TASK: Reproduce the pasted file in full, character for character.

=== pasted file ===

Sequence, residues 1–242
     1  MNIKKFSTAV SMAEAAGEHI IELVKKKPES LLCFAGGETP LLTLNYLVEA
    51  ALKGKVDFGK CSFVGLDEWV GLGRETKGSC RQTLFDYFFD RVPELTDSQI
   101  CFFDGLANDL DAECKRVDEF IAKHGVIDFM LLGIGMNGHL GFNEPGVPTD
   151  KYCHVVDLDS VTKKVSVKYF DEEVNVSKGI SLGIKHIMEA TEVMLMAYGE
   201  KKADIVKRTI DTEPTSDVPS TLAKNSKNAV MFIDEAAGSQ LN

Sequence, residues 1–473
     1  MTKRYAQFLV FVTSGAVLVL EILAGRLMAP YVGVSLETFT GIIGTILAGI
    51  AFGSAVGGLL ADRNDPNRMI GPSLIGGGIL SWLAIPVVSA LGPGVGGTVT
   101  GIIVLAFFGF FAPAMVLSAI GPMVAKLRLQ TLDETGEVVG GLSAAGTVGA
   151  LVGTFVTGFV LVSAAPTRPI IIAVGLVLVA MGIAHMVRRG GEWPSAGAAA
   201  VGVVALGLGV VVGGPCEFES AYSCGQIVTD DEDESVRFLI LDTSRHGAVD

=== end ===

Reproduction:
Sequence, residues 1–242
     1  MNIKKFSTAV SMAEAAGEHI IELVKKKPES LLCFAGGETP LLTLNYLVEA
    51  ALKGKVDFGK CSFVGLDEWV GLGRETKGSC RQTLFDYFFD RVPELTDSQI
   101  CFFDGLANDL DAECKRVDEF IAKHGVIDFM LLGIGMNGHL GFNEPGVPTD
   151  KYCHVVDLDS VTKKVSVKYF DEEVNVSKGI SLGIKHIMEA TEVMLMAYGE
   201  KKADIVKRTI DTEPTSDVPS TLAKNSKNAV MFIDEAAGSQ LN

Sequence, residues 1–473
     1  MTKRYAQFLV FVTSGAVLVL EILAGRLMAP YVGVSLETFT GIIGTILAGI
    51  AFGSAVGGLL ADRNDPNRMI GPSLIGGGIL SWLAIPVVSA LGPGVGGTVT
   101  GIIVLAFFGF FAPAMVLSAI GPMVAKLRLQ TLDETGEVVG GLSAAGTVGA
   151  LVGTFVTGFV LVSAAPTRPI IIAVGLVLVA MGIAHMVRRG GEWPSAGAAA
   201  VGVVALGLGV VVGGPCEFES AYSCGQIVTD DEDESVRFLI LDTSRHGAVD